Foam Board, Old Electronics, And Imagination Make Movie Magic

When it comes to building sets and props for movies and TV, it’s so easy to get science fiction wrong – particularly with low-budget productions. It must be tempting for the set department to fall back on the “get a bunch of stuff and paint it silver” model, which can make for a tedious experience for the technically savvy in the audience.

But low-budget does not necessarily mean low production values if the right people are involved. Take [Joel Hartlaub]’s recent work building sets for a crowdfunded sci-fi film called Infinitus. It’s a post-apocalyptic story that needed an underground bunker with a Fallout vibe to it, and [Joel] jumped at the chance to hack the sets together. Using mainly vintage electronic gear and foam insulation boards CNC-routed into convincing panels, he built nicely detailed control consoles for the bunker. A voice communicator was built from an old tube-type table radio case with some seven-segment displays, and the chassis of an old LCD projector made a convincing portable computer terminal. The nicest hack was for the control panel of the airlock door. That used an old TDD, or telecommunications device for the deaf. With a keyboard and a VFD display, it fit right into the feel of the set. But [Joel] went the extra mile to make it a practical piece, by recording the modulated tones from the acoustic coupler and playing them back, to make it look as if a message was coming in. The airlock door looks great too.

Like many hacks, it’s pretty impressive what you can accomplish with a deep junk pile and a little imagination. But if you’ve got a bigger budget and you need some computer displays created, we know just the person for the job.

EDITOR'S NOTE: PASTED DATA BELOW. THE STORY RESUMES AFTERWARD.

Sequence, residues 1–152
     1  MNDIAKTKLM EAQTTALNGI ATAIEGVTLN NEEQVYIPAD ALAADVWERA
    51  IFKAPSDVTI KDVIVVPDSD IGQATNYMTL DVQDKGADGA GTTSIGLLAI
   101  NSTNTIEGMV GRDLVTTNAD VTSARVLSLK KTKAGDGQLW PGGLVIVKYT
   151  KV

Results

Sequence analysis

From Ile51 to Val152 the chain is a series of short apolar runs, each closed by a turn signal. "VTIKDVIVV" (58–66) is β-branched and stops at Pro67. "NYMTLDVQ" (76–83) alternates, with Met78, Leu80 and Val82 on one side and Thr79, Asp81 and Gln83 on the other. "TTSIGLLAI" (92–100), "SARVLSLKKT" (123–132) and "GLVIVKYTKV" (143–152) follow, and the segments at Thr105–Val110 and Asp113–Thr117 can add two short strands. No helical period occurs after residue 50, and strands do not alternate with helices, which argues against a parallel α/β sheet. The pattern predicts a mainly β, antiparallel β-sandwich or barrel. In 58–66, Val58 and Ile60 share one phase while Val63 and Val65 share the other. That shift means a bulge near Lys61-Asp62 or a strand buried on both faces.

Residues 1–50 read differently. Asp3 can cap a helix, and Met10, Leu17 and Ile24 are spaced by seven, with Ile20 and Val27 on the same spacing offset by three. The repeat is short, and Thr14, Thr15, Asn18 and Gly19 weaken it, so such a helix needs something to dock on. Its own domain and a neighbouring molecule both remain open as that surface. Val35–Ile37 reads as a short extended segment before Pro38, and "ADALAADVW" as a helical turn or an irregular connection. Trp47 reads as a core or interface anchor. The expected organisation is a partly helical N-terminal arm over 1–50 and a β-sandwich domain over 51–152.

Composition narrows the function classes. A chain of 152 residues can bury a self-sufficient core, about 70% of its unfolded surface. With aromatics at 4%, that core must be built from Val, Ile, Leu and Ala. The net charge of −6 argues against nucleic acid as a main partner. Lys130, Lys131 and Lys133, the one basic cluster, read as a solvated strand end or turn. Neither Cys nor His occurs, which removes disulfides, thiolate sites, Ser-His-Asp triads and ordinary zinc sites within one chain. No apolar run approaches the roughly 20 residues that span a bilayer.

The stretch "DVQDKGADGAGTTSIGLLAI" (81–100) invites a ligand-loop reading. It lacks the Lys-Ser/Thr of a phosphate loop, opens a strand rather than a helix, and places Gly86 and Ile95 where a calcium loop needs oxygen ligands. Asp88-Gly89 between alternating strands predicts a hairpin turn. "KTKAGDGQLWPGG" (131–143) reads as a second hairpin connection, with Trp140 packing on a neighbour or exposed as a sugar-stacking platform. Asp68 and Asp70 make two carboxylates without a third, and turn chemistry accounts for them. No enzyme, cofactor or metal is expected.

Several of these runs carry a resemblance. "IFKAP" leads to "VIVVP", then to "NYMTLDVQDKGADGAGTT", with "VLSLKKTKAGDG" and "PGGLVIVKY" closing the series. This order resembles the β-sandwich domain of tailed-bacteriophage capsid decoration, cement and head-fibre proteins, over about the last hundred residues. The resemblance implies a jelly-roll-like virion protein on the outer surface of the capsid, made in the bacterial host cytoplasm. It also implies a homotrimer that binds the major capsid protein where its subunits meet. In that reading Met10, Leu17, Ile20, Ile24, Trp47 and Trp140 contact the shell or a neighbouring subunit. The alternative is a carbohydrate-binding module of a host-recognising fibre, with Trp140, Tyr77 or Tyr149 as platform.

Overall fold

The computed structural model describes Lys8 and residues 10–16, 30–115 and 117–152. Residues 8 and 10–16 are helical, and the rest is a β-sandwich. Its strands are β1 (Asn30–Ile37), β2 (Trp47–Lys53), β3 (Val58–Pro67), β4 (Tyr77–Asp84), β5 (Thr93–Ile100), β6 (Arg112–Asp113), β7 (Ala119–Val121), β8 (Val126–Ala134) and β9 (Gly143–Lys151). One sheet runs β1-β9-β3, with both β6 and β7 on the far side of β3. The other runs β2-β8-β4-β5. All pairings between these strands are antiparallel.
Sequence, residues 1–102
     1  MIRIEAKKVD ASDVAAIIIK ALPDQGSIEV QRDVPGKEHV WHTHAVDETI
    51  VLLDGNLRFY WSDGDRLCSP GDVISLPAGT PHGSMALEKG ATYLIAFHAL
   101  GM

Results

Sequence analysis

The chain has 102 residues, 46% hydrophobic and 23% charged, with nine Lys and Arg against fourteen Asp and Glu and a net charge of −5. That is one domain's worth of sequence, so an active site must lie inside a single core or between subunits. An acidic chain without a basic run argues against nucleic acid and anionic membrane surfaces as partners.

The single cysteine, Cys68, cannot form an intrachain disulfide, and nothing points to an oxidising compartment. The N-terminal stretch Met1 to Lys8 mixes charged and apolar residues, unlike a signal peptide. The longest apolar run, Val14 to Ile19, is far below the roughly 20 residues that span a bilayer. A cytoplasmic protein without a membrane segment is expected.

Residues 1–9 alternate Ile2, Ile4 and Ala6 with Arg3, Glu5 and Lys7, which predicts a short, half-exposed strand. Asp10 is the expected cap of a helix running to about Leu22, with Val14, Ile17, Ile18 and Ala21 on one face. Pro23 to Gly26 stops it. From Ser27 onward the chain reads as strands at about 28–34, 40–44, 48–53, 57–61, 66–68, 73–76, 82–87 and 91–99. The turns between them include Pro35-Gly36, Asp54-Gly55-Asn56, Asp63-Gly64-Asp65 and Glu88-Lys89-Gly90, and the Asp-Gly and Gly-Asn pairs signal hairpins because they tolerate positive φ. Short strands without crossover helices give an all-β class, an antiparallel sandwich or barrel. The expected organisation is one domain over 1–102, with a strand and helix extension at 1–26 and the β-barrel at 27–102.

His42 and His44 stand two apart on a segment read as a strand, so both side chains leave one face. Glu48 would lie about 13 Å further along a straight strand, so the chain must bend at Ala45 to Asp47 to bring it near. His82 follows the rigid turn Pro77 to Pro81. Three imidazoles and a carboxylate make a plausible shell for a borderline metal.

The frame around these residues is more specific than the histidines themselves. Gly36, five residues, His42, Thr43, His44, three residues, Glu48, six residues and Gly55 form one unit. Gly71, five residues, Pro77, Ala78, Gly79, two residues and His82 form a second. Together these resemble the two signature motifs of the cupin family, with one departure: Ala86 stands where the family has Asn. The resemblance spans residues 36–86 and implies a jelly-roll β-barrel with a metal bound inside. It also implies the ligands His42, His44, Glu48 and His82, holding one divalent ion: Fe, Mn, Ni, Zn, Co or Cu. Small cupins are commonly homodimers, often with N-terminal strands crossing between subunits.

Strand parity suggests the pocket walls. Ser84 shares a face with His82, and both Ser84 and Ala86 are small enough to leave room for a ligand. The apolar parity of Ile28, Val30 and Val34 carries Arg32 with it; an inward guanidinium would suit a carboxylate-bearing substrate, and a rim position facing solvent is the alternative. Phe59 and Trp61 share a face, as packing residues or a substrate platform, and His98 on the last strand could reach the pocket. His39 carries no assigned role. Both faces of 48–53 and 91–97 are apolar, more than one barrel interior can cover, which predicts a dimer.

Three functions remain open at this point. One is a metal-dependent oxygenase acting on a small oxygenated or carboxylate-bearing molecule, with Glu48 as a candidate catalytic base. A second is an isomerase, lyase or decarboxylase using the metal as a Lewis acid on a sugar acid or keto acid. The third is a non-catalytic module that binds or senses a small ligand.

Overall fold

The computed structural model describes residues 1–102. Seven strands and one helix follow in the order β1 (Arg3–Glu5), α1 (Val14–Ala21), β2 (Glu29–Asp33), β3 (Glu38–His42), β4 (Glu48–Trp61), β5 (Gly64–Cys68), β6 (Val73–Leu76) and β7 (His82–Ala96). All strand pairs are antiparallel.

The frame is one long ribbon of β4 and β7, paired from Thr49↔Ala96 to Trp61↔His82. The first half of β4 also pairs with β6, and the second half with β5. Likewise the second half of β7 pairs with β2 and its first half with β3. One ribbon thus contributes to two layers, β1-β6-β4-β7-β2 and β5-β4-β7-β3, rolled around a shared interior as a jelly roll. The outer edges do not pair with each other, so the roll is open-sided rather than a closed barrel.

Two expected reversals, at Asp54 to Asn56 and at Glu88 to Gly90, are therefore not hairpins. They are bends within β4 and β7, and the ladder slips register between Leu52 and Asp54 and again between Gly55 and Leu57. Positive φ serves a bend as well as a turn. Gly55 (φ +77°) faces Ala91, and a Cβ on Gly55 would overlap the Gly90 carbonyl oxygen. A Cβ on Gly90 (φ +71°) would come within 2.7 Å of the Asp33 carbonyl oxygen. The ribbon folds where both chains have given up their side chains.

[Matt] tipped us off to this one. Thanks!

10 thoughts on “Foam Board, Old Electronics, And Imagination Make Movie Magic

    1. I’ve been watching some interviews with the actors from “The Expanse” and they all universally praise practical sets and props. They say it’s like a playground that really lets them use their imagination to create the character, and I think it really shows in the quality of the product. There’s a big difference between doing everything in a big sound stage with green walls while trying to play off of someone prancing around in a bodysuit covered with ping pong balls, versus being able to look at real actors on real sets holding real props that do something when you push a button. CGI has its place, but it’s not the answer to everything.

      1. There is a sweet middle ground between 100% practical (now always as good as people give it credit, immersion goes out the door the second actor presses computer panel and everything bends/shakes because foam board) and giant green screen sound stage.

        IanHubert of Blender-Lazy Tutorials has some amazing examples blending the two:

    2. The computer game “The Daedalus Encounter” did a lot of virtual sets, integrated CGI additions to real sets, and even had CGI spacesuits – in 1995. It’s one of Tia Carrere’s early acting gigs.

  1. Old keyboards, mounted flat on a set wall at chin height as in the article header picture, are nearly universally recognized as an ergonomic improbability.. I feel some designers now put them in as a conscious callout to the fun, low-budget nature of their sci-fi set creation. I wouldn’t be surprised if tvtropes has some entries related to improbable (intentional or no) computer interfaces.

  2. I wonder how many gizmos used on the set were purchased from the Park Street St. Vinnies Dig&Save where I often met Joel. The UW SWAP shop probably also provided some vintage tech.

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